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Monday, October 8, 2012

Crape Myrtle of the North


When I moved to East Haddam, Connecticut, 11 years ago I tried and failed at growing crape myrtle, a tree I had loved in my Southern gardens. I saw one crape myrtle in town. After several years it was gone, apparently cut down or killed in a winter too cold for this iconic little tree. I'm told it grows in towns along Long Island Sound, where the water keeps temperatures a bit warmer.


Location, location, location.



In my garden, 20 miles north of the Sound, I compensate. I grow what's known as crape myrtle of the North because of its exfoliating bark. More familiarly it is seven-son flower or Heptacodium miconioides. When I planted mine about five years ago, I almost turned it into a single-trunk tree. I'm glad I didn't.




By any name, it's a pleaser, starting in late summer with little white flowers, followed by fruits and red sepals. All understated.


The big show is the bark, whose shreds stir with the breezes.



Soon, all the leaves will freeze and disappear, the fruit and sepals, too – revealing the showy bark as a reminder of gardens in another time, another place. This is not crape myrtle, the ones I grew in the South – big-bloomed, Southern style. Still, it's close enough. I'm loving the one I'm with.

Crape myrtle of the North in stony "groundcover."

22 comments:

  1. This is a beautiful little tree. I don't think I have ever seen it before. I have a crepe myrtle. In the past I haven't been able to grow it but a friend had one pop up in her garden and she passed it along to me. I don't know which one it is but it has survived several years. The Crepes I tried before froze to the ground but survived a year or two. If we ever get a regular winter it will be interesting to see what this one does.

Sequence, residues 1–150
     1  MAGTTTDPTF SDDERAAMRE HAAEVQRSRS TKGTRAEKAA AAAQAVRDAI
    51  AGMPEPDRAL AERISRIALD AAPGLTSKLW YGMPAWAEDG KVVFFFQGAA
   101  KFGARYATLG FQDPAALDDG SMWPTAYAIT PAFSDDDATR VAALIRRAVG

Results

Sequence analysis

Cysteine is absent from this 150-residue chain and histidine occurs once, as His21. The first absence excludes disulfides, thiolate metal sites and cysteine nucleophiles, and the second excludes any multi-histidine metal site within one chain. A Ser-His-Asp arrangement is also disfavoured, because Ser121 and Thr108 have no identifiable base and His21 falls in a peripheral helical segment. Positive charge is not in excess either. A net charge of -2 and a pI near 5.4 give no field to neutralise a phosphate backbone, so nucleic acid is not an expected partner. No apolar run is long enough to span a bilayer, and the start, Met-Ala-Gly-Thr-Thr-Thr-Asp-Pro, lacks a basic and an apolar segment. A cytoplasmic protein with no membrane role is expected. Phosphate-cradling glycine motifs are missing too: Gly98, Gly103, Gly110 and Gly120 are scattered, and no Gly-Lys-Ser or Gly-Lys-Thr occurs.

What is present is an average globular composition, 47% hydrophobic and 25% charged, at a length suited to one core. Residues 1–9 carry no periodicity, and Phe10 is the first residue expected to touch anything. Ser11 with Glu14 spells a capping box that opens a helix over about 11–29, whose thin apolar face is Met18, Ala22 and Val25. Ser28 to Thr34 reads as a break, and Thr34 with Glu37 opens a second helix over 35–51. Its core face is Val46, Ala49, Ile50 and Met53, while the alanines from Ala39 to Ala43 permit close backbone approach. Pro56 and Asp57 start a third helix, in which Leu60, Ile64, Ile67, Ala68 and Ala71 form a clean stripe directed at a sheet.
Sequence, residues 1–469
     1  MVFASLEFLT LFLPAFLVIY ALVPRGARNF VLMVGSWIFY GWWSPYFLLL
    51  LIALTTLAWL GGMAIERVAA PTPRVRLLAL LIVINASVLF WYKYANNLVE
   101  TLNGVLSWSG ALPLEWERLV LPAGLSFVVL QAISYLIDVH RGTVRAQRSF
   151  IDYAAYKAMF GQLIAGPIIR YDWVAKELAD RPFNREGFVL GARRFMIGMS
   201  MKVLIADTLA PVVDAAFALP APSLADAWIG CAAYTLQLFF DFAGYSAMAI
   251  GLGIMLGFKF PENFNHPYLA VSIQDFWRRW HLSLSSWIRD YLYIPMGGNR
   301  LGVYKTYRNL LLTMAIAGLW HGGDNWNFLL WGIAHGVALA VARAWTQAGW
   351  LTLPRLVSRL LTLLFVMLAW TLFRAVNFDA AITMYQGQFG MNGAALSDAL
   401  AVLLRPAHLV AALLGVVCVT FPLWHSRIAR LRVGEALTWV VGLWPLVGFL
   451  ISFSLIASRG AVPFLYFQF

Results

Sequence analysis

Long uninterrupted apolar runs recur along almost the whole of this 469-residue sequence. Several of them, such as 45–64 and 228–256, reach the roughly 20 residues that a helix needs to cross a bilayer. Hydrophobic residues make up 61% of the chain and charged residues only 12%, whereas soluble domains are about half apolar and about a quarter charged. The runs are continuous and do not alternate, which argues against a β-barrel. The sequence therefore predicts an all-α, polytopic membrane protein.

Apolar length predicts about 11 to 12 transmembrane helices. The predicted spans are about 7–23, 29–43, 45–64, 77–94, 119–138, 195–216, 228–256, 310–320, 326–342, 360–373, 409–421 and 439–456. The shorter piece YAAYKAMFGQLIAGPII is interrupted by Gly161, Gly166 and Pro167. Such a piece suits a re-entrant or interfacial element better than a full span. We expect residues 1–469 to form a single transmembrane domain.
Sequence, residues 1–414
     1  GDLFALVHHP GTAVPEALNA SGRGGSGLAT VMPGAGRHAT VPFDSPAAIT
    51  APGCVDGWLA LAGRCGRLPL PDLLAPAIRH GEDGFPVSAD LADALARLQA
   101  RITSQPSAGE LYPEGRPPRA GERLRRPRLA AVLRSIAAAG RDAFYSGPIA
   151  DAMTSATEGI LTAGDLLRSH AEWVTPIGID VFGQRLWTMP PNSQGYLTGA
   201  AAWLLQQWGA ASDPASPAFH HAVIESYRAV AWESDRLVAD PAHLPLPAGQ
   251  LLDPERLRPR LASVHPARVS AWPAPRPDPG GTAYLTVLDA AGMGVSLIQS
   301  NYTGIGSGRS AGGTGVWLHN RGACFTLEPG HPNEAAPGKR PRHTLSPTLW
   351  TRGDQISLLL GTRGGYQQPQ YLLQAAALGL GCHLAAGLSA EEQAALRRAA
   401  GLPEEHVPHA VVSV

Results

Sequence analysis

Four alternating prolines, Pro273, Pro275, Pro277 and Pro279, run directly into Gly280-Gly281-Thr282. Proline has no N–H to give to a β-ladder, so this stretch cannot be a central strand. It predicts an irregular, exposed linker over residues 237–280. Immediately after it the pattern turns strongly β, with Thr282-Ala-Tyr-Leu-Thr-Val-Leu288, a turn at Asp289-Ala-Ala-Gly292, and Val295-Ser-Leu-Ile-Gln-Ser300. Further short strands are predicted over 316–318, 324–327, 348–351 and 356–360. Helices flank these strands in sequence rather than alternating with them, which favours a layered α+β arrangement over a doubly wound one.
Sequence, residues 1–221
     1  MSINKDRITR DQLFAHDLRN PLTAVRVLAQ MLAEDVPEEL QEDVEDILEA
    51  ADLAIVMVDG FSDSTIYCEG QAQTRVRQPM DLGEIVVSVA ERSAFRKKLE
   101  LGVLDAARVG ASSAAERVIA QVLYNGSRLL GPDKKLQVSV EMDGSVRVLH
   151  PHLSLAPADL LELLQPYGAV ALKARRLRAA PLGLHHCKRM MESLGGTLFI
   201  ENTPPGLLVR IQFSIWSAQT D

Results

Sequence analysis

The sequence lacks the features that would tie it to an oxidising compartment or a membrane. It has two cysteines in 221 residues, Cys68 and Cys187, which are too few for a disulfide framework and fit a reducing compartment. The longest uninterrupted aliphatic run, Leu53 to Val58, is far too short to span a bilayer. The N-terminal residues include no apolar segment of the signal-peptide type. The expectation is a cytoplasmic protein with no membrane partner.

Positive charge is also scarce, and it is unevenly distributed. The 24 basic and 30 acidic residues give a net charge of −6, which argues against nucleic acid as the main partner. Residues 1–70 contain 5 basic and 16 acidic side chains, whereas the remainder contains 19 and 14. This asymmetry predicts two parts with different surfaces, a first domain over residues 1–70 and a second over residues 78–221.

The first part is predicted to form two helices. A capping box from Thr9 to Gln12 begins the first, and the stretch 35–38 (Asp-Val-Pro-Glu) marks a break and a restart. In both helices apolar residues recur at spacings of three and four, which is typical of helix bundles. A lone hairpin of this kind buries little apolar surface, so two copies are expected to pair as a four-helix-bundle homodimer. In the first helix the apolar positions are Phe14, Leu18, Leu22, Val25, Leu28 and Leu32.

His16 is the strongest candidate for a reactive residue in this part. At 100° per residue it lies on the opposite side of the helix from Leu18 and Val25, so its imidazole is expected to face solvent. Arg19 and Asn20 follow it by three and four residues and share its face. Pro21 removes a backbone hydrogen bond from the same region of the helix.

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    1. Lisa, you struck it rich. Your friend must have gotten a seedling that was a good mutant. And, yes, a real winter could be rough on even a tough mutant. I can't wait to learn what happens.

      Does your friend live in your part of Indiana? You see any other crapes in your area? (You say crepe, I say crape, let's not call the whole thing off.)

      Cheers!

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  2. Hey Lee,

    So nice to read about your crape myrtle of the North. It is a wonderful tree and the bark is definitely a bonus. I planted one in my garden and one in the demonstration garden I help to maintain.

    Crape myrtle of the North and the South are both winners in my book.

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    1. Barbara, Hey. You have the best of both worlds.

      I know this is an unfair question, especially for an Alabaman (you say Alabamian?) buuut, if you could only have crape myrtle of the North or crape myrtle of the South, which would you choose?

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    2. Hey Lee,

      You know you're right about the question being unfair as to which I'd rather have. You also know I want any plant to excess. So the answer is BOTH. One good point is Heptacodium seems to be resistant to Japanese beetles. They destroy the flowers on Crape Myrtle.

      Yes, you are my fellow Alabamian. I love to think of the good and positive things, not negative the world knows us by.

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    3. Well, Barbara, we wouldn't be Southern if we weren't excessive. More, more, more. Never enough, even there seems no more room in the garden. More.

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  3. Here in Ontario mine is now in its pink stage. It was moved from a rather shady spot to full sun a few years ago and has been a star ever since.

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    1. Greetings, Marie. It's good to know it blooms that far north. Enjoy!

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  4. Have you tried any of the crape myrtle varieties that are touted as being hardy enough for zone 6 gardens? They grow as shrubs but can get quite large-especially after a mild winter. I have two-a small shrub 'Cherry Dazzle' and a larger one 'Dynamite'. Both have been perfectly hardy in my garden for many years.